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It’s good to see headlines in our daily paper or on TV and to see that one of our champion swimmers has won an international competition! It’s not so good to see that New Zealanders have drowned. But this regularly happens, usually because most Kiwis cannot swim - cannot swim, that is, with enough stamina and skill to keep out of harm’s way and to rescue others when necessary. Also, we don’t swim well enough to exercise. Reality check: Can YOU float? Swim on your side or back? Tread water? Swim 40 lengths? ( a kilometre) Can your children?
We must encourage and teach swimming and provide many more all-year swimming pools, for two main reasons. There are others.
One: New Zealand has a very long coastline and many rivers, and most people engage in some sort of water-based activity, boating, surfing, diving, fishing, canoeing and others. In NZ 2008 96 people drowned, 78% of them men - and there are many more near-drownings, also many cases of the surf lifeguards rescuing people who have over-estimated their capabilities or failed to learn beach safety. There are cases of people drowning while trying to save their relatives or friends. Others have no idea of beach safety and take no notice of warnings. People go in the water fully dressed or in unsuitable gear which makes swimming difficult. Many men think that because they are powerful and can swim a few rough strokes they could overcome a strong rip. In practice many have never experienced being out of their depth and have few skills to draw on.
Two: we are continually being told that we need to exercise more, and a target of 10,000 walking steps a day is prescribed. This is good, but there are several problems: outdoor walking is not possible for many of us in winter or bad weather and in some districts it is unpleasant (bad roads or no pavements) or unsafe. Also many people have joint or muscle problems that prevent them walking far. Walking, too, exercises mostly leg muscles.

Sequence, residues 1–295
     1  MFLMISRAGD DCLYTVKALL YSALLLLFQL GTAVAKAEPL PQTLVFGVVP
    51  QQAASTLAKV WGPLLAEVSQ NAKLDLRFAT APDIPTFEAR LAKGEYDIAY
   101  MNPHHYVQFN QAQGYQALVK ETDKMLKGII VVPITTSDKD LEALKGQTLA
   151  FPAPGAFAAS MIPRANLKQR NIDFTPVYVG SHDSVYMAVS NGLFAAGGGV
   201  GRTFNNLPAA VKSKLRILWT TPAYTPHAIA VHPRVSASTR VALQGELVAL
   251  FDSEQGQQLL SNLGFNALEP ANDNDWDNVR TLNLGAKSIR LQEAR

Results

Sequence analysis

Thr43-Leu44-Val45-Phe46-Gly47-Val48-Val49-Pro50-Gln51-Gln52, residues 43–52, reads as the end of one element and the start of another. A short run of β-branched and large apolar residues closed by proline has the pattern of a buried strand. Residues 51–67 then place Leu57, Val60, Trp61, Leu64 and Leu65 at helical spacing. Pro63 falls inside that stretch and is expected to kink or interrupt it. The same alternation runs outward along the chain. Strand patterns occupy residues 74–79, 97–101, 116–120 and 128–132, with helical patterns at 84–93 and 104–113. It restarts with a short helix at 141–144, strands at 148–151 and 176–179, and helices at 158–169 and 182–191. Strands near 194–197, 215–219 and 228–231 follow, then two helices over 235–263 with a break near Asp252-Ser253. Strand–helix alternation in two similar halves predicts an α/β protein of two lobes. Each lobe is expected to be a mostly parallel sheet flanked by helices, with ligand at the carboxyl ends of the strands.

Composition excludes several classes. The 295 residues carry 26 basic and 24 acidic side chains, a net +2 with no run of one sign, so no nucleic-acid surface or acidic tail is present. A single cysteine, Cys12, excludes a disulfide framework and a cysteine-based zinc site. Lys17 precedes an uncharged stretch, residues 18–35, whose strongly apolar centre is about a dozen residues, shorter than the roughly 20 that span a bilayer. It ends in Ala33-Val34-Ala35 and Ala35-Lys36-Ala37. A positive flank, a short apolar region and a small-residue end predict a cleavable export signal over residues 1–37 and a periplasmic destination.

Swimming however suits nearly everyone! The whole body is involved but the weight-bearing joints are given a partial rest though they are mobilised. The heart rate and rate of breathing are adjusted by the degree of effort we make. Actual swimming is not the only form of exercise that is available: aquacise and resisted walking are two of the many other uses of a pool.
But the leader writer of the NZ Herald on 18th January 2011 wrote: “Public baths are for places with cold climates and windswept coasts”. As a piece of crass ignorance this takes some beating. Does the writer think that a NZ beach in July is suited to teaching toddlers (or anyone!) to swim? or that regular exercise is possible? Or that everyone lives close to a suitable beach? I wonder indeed if that journalist can or does swim. This outlook may be a common one among politicians, too.
There is another attitude too, among some competitive swimmers who think that all pools should be 50 metres long, because that is the standard length for competition. This view would lead to very few pools being built due to the expense. Competition is the cream on the cake, not the cake itself, which is a large body of swimmers of all ages and types.
So what’s the problem?
It’s quite simple: we just have far too few indoor swimming pools. Big cities have several but they are often very crowded. In smaller centres there may be open-air pools but they are available only for about a quarter of the year: bad value for money.